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Elgar took some time to respond to the commission from the Birmingham Festival, the result of which was a lack of adequate rehearsal time, and though the first performance was a great disappointment, its immense importance did not go unnoticed by those who could hear. In this recording, celebrating Elgar's 150th birthday, it comes back again to Birmingham where, on 3 October 1900 it was first heard, and to their current magnificent forces under the direction of Sakari Oramo, with Simon Halsey's exuberant City of Birmingham Symphony Chorus, both as Demons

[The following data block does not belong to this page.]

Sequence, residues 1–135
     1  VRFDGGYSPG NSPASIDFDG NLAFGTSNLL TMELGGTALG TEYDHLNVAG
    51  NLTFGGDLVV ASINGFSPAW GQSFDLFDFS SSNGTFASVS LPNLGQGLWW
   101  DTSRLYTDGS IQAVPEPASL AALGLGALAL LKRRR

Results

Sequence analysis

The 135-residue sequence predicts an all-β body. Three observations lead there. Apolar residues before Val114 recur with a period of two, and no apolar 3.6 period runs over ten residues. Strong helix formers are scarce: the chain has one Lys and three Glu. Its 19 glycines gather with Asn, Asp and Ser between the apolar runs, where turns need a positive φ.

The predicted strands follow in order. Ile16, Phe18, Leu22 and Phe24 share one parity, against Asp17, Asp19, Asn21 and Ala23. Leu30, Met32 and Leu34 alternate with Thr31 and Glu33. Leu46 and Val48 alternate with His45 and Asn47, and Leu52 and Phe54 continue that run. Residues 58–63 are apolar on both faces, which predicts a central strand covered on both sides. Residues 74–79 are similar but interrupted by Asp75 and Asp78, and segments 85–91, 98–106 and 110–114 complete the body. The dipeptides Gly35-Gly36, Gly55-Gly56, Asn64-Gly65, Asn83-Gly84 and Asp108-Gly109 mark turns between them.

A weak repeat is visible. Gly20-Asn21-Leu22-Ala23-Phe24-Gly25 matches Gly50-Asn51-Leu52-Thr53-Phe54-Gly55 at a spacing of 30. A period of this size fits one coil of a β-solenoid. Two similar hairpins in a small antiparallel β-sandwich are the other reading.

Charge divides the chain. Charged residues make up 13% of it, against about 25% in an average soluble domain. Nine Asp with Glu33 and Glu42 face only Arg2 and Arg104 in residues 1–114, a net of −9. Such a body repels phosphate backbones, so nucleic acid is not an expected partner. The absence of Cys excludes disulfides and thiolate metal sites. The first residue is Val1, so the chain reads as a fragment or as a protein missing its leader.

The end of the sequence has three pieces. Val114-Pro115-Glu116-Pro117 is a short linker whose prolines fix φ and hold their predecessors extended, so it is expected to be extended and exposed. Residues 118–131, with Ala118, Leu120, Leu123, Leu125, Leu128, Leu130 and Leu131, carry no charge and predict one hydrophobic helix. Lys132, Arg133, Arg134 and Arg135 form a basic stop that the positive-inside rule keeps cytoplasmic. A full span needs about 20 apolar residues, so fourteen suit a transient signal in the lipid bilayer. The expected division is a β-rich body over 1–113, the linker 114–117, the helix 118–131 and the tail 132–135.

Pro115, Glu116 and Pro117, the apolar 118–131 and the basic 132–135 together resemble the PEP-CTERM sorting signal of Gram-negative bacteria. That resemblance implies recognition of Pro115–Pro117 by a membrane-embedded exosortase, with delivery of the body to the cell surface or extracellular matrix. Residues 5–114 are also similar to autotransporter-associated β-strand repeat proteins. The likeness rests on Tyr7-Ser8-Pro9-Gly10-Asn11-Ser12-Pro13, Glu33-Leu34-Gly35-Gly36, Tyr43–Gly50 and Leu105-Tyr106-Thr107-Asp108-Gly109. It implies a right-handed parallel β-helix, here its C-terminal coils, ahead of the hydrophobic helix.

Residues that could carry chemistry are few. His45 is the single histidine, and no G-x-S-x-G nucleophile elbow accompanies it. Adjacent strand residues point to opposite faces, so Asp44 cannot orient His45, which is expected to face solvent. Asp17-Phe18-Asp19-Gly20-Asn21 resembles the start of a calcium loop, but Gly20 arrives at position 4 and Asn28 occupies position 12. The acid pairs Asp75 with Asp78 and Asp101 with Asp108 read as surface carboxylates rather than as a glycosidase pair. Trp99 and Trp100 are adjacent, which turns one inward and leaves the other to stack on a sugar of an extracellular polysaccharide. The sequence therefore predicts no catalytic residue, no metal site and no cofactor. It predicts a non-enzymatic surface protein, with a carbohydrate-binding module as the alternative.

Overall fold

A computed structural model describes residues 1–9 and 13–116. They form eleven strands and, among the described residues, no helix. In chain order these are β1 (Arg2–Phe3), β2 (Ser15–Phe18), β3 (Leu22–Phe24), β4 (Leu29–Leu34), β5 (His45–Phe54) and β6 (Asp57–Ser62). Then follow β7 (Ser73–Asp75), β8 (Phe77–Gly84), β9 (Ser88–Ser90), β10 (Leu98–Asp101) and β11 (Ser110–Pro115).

[listen -- CD2 track 6, 0:00-1:34]
and as the Choir of Angelicals
[listen -- CD2 track 8, 0:00-1:10].
From the outset (in Part 1, Gerontius -- or simply 'the old man' -- is alive but close to death) Justin Lavender sings the huge principal part superbly giving it warmth and following its glorious contours with sympathetic understanding
[listen -- CD1 track 18, 0:24-1:28].
In Part 2 he becomes the Soul of the old man, guided through Heaven by the Angel, sung in lovely Elgarian style by mezzo soprano Jane Irwin
[listen -- CD2 track 3, 1:42-3:09].
The third soloist is bass Peter Rose, who makes a strong appearance as the Angel of Agony, and whose words are heard just before the Soul goes toward the final judgment -- a solo well worth waiting for
[listen -- CD2 track 16, 0:02-1:04].
Copyright © 19 September 2007
Patric Standford, Wakefield UK